Why I Took My Freelance Rates and Packages Off of My Website
If you take a look around this website of mine, you might find that things look a tad different. I added some new services pages for my copywriting, content writing, content strategy and consulting work. I created a lengthier about page and I sprinkled in some fresh testimonials. But the biggest change?
I took my freelance rates and packages off of my website. *gasp*
While this might not seem like that big of a deal, to post or not to post your rates is a huge debate in the freelance writing world. Of course, there are pros and cons to either approach. For one, I’m a big fan of transparency. Posting your rates makes it easier for potential clients to see whether they can afford to work with you. On the flipside, you’re stuck at that price. If your rates are stated in black and white on your website, that leaves little room for negotiation.
Get a bunch of freelancers together and you’ll hear a bunch of opinions, but here’s why I decided to take my freelance rates and packages off of my website.
1. I found it pretty limiting.
While having my rates on my website made it pretty clear to people what they’d be getting, I also found that I tended to attract a certain type of client. Namely, people who were looking for support with one-off writing or editing projects. And while the variety of work was exciting, I quickly burned out.
Now, I’m not saying that listing my rates on my website was the reason I was getting a lot of short-term work. It was my mindset that was keeping me thinking small and my rates were an extension of that. Instead of challenging myself to engage bigger clients, I got comfortable working with people who comfortably fit into my safe, little hourly rate box.
2. My rates list was getting pretty lengthy.
Every time somebody would reach out to me for a type of assignment that I didn’t have listed on my website, I would add it to my packages section. Pretty soon, this part of my website was getting out of control. On top of that I, personally, started to lose focus on what I actually wanted to do for people.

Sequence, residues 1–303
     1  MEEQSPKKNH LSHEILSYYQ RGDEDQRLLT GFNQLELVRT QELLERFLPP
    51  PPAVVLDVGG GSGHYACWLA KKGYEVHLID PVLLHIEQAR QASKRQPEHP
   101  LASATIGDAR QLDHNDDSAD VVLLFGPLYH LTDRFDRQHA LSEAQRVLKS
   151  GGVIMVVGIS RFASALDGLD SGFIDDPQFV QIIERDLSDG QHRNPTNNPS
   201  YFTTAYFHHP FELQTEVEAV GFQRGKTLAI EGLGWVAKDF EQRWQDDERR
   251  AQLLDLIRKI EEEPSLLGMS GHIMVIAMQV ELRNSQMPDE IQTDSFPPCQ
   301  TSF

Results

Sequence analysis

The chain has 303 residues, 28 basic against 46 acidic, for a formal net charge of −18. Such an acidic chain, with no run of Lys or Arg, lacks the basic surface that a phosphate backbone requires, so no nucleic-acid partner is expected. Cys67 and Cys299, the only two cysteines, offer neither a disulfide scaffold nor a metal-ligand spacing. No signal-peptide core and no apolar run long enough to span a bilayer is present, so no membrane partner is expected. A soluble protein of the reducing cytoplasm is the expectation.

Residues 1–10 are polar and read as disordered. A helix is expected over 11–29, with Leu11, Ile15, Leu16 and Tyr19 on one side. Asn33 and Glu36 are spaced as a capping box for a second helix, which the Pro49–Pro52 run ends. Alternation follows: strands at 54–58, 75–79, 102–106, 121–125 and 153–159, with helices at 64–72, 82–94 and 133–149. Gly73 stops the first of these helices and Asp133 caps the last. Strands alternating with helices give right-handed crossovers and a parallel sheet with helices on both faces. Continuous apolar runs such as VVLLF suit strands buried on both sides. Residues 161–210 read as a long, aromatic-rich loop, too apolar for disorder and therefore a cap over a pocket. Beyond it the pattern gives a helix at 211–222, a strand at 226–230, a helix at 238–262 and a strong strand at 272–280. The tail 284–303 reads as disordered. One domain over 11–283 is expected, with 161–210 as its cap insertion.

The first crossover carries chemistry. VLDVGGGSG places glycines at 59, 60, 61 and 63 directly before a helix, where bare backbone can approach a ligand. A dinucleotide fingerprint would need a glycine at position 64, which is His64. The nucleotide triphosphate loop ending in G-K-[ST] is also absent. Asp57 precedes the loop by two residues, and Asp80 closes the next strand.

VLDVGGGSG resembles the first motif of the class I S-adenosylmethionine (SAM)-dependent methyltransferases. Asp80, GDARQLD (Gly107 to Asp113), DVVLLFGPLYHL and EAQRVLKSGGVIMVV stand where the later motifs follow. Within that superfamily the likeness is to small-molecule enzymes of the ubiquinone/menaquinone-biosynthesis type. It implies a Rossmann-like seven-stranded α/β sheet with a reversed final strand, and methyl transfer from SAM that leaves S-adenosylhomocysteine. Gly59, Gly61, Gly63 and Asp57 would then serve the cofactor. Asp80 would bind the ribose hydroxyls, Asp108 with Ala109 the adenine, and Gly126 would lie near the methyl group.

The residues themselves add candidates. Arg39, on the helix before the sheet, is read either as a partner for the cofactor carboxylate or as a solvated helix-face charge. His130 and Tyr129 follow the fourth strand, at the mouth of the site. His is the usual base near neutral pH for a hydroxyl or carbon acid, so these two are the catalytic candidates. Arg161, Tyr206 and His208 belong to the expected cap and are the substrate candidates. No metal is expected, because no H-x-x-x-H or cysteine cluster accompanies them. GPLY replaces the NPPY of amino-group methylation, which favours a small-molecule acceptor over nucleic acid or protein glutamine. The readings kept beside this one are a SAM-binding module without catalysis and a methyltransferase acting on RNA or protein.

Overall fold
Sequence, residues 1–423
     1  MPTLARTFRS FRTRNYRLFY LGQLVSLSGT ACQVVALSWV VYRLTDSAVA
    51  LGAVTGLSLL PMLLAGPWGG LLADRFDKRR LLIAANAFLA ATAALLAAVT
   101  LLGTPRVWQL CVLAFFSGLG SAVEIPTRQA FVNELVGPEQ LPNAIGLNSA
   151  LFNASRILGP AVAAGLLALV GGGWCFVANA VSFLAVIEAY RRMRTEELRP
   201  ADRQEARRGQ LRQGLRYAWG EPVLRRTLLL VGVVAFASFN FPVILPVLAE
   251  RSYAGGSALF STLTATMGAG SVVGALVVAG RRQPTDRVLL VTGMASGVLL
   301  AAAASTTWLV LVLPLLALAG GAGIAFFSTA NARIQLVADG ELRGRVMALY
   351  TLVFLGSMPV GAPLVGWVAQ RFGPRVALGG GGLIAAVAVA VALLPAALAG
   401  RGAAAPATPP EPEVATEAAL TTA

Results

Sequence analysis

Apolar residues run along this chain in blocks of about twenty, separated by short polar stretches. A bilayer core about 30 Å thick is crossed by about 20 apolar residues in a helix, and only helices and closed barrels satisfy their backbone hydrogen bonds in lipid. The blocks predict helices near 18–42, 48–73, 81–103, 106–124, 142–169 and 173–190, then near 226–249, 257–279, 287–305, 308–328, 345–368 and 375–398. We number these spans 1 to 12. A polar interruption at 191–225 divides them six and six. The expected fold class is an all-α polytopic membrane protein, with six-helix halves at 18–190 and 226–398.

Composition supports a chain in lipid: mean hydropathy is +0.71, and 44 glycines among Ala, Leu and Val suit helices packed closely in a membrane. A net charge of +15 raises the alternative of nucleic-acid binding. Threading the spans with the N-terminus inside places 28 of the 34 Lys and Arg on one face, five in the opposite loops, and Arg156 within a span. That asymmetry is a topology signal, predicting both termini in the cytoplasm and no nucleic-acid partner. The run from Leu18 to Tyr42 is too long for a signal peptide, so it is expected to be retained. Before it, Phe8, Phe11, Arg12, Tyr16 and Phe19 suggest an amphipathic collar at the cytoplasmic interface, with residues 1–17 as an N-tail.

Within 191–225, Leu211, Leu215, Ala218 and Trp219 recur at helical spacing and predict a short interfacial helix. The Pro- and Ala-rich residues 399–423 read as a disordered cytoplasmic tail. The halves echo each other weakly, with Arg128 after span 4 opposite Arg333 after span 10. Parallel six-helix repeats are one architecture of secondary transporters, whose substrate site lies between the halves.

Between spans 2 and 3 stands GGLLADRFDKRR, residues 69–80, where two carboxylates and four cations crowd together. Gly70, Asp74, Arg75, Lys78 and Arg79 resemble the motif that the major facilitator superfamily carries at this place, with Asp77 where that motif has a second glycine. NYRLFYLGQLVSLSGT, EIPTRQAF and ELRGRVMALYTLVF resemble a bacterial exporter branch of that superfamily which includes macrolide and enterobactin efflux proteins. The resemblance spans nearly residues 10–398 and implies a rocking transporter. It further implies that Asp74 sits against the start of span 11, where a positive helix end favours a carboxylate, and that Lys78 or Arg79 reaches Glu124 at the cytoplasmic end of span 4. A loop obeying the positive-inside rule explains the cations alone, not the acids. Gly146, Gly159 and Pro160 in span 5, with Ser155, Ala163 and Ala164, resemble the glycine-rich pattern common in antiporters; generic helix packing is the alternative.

Just because I can do a lot of things, doesn’t mean I have to list all of those things on my homepage. Plus, I’m not just a content marketer/freelance writer/editor for hire. Like most people, I do my best work when I’m really engaged and excited about a particular project or client. Which means I can’t cater to everybody. And that’s more than okay.
3. Most potential clients had specific projects in mind.
When I first started this business, I read a blog post on how to package my services and thought, “Yes! This is brilliant.” I created a content strategy package, a blogging package, a website copy package, and so on. You name it, I packaged it.
Unfortunately – and this is a pretty tough one to admit – not a single person bought one of them. That’s not to say I didn’t make any money. It just meant that most people had pretty specific content marketing needs and wanted a custom solution.
Take a blog post for instance. Depending on the length, the topic, the amount of research or interviews required, or the number of revisions, the price can vary widely. However, I know it’s no good to keep potential clients in the dark so I’ve developed this handy-dandy pricing list with my hourly rates, as well as content and consulting packages to give people a rough idea of what to expect. Let me know what you think of it in the comments!
Ultimately, the biggest reason why I took my rates and packages off of my homepage is that I want to change the conversation from one about price to one about value. If you just want a one-off article or email, I’m not your girl. But if you’re launching a new product or service, rolling out a new marketing campaign, or looking for a go-to copywriter to serve your agency clients, let’s chat about how I can make some magic for you.